Amid declining union power and attacks on organized labor, some Rust Belt workers are turning to worker-owned cooperatives

By Raechel Anne Jolie

When the Covid-19 pandemic hit, Cleveland’s Phoenix Coffee changed the way it worked. One store temporarily shut down, and four others transitioned to takeout only. Its employees, like many of their peers across the country, spent months on furlough. They knew they had to make a bold decision to survive the effects. So last October, the thirty-seven employees of the Northeast Ohio franchise decided to move forward with transitioning from a traditional business to a worker-owned cooperative. A deal had been in the works with Evergreen Cooperatives for a year and a half, and their hope was that finalizing it might keep them afloat.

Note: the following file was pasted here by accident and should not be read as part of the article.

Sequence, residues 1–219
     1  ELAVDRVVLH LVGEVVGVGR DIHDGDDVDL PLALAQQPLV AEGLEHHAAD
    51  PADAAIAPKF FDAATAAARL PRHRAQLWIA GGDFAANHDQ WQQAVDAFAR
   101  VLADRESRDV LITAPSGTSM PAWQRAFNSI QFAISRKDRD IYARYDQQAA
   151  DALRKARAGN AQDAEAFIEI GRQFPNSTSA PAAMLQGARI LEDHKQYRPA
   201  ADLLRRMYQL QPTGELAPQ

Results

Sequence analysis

They were right. “The only reason we were able to stay in business as a carryout business or otherwise is because baristas were willing to put their bodies on the line to make this work,” says Phoenix co-manager Christopher Feran. “And so we needed to recognize that contribution and actualize it in some way. Switching to a cooperative model we hope will let us do that.”

Phoenix is one of the most recent examples of a growing interest in cooperatives in the Rust Belt, and is the fifth officially recorded co-op in Cleveland. The Democracy at Work Institute, a strategic initiative launched by the U.S. Federation of Worker Cooperatives (UFWC), explains worker cooperatives as having two primary characteristics: “workers own the business and they participate in its financial success on the basis of their labor contribution to the cooperative,” and “workers have representation on and vote for the board of directors, adhering to the principle of one worker, one vote.”